Anger grows over killing
The death of a young Namibian man, allegedly at the hands his Chinese employers, has been roundly condemned by the biggest workers' union in the country as well as pressure groups.
24 April 2019 | Crime
Addressing the media on the plight of Namibian workers yesterday, Muniaro emphasised that “exploiters” of Namibian workers must be careful and must start respecting the laws of the country.
“The issue of the normal criminals that are called Chinese, that barbaric incident that happened in Kavango East. We condemn that barbaric action, China itself has a death penalty in their own country and they are coming here to come and kill.
“Is it because they are not in China that they are not afraid to kill?
“So a worker is not allowed to talk about mistreatment in his workplace? If you talk you get a bullet. That is satanic,” he said (sic).
Muniaro also said the problems Namibians experience with the Chinese would never end if “we don't get them out of this county,” or otherwise they must behave.
“This is Namibia, it is not China. Namibia is for Namibians. You will never hear of a Namibian contractor going to China and shoot a Chinese worker who was complaining. What the hell is going on, comrades (sic)?”
He also questioned calls by political leaders that the Chinese must be tolerated.
“Apparently you must respect them, for what good reason? The Chinese must know that the workers of this country are fed up,” he said.
At the same time Affirmative Repositioning (AR) leader Job Amupanda has slammed the Chinese ambassador to Namibia, Zhang Yiming, for his “arrogant, insensitive and patronising conduct” in Namibia.
This followed Zhang's decision to send a team of Chinese officials to Rundu in response to the killing of 32-year-old Haushiku Muyevu last Wednesday.
Two Chinese businessmen were arrested for the murder and appeared before the Rundu Magistrate's Court yesterday.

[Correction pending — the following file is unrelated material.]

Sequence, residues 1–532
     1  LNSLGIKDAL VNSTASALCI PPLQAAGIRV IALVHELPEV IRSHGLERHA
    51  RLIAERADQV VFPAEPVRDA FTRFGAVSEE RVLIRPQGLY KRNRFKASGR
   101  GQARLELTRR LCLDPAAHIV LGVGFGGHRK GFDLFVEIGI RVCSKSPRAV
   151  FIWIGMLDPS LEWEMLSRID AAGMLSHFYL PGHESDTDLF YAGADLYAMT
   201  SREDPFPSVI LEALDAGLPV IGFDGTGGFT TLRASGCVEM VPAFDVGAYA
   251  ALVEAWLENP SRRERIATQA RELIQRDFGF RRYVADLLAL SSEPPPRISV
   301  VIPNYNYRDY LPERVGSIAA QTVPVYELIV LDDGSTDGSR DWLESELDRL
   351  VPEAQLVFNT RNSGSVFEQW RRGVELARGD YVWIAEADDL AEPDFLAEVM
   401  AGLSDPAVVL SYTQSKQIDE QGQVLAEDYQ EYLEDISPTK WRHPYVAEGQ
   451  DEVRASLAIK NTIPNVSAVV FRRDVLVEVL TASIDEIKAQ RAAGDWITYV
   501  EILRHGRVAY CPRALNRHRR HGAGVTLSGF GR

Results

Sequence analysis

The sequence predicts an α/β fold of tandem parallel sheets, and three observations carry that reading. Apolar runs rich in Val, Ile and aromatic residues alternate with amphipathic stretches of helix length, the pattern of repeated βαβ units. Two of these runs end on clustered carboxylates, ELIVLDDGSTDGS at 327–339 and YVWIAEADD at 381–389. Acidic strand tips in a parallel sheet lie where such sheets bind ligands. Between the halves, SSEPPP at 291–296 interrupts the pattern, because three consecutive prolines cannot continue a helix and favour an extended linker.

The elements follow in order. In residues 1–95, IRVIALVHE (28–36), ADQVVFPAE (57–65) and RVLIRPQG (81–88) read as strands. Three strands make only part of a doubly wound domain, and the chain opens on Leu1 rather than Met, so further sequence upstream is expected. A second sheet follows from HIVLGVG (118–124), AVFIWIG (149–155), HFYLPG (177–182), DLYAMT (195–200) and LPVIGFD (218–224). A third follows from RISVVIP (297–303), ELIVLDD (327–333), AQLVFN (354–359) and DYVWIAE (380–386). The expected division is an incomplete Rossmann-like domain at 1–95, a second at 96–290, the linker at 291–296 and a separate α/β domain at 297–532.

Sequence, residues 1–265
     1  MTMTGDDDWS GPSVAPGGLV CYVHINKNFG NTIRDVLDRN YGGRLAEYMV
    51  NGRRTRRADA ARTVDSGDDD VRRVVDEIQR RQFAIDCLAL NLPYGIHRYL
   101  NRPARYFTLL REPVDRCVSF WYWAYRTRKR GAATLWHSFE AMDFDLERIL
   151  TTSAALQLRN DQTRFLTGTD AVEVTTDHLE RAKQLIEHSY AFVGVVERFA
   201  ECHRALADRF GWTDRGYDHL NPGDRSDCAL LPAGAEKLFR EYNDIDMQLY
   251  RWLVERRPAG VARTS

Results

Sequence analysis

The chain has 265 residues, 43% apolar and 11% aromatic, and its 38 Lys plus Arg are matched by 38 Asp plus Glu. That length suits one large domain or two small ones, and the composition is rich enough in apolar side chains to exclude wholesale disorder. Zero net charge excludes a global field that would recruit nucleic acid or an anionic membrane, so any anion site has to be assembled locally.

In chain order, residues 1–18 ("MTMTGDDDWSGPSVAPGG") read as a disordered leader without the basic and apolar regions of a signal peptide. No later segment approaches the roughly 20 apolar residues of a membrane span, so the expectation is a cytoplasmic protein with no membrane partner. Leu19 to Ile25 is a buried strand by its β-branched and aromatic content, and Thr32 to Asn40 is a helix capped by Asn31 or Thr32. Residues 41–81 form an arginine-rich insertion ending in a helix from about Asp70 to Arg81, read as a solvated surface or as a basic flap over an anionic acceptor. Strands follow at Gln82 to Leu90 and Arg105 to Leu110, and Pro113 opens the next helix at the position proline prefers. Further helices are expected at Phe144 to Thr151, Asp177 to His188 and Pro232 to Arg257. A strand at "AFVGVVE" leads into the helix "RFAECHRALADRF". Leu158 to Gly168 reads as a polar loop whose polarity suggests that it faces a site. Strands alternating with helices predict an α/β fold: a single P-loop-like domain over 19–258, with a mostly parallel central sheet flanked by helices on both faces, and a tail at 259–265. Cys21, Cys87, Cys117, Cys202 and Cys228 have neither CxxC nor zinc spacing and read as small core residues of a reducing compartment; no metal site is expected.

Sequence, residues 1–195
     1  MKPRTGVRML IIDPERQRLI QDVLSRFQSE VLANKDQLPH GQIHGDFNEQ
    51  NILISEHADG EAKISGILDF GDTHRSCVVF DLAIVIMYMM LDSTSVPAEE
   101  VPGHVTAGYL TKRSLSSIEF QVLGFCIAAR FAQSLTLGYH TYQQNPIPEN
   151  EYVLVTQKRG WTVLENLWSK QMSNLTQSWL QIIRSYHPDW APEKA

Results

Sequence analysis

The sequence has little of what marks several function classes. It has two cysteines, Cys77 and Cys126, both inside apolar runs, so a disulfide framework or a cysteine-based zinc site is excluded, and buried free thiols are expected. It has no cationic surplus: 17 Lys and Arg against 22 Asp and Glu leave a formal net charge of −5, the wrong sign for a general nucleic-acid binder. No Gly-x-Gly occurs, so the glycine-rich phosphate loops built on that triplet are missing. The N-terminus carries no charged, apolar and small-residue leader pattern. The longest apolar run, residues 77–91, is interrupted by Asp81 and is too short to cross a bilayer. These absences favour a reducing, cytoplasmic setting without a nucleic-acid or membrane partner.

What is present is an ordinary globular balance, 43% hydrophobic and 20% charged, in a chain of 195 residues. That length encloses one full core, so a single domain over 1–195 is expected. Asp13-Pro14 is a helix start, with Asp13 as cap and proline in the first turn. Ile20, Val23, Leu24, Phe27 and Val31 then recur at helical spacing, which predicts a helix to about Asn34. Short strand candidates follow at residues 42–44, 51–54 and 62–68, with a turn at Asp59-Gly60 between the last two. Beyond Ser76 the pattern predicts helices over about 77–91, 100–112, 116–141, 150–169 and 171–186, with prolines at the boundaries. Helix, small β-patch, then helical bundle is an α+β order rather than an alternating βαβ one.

They were denied bail and the matter was postponed to 22 July.
The accused, Xuefeng Chen (29) and Zhenhai Zhou (31), appeared before Magistrate Sonia Samupofu on charges of murder and illegally discharging a firearm.
The State opposed bail.
Chen and Zhou were arrested on 17 April after they allegedly murdered Muyevu at Andara.
Muyevu allegedly demanded severance pay after he was fired and that led to an argument.
Amupanda also took on the ambassador for defending Chinese nationals living in Namibia despite the numerous cases of wildlife crimes against them.
“Ambassador, why do you think that you and the Chinese are special in our own country? We will no longer wait for politicians to raise concerns involving you on our behalf for they have evidently failed to deal with you. We do not appreciate nor approve of your conduct in our country. We expect you to re-orientate yourself and control your language going forward,” he said.
Meanwhile, at Rundu the Muzokumwe Volunteers Organisation handed over a petition to the court's prosecutor to express their anger over the shooting incident.
The chairperson of the group, Paulus Mbangu, said there was no justification for the accused persons to have committed the crime.
“The shooting was premeditated and unnecessary. The late Haushiku Andreas Muyevu was a husband, brother and a breadwinner. He did not deserve to die in such a brutal barbaric manner like an animal with no mercy by his offenders who left him for dead and helpless,” Mbangu said.
“The constitution of a free and independent Namibia protects and values the lives of its citizens unlike it was with the apartheid dispensation. It is for that reason as we now do call a stiffer sentence and in the preliminary incidence oppose any consideration for granting bail.”
Their petition was signed by over 300 people.
JEMIMA BEUKES & KENYA KAMBOWE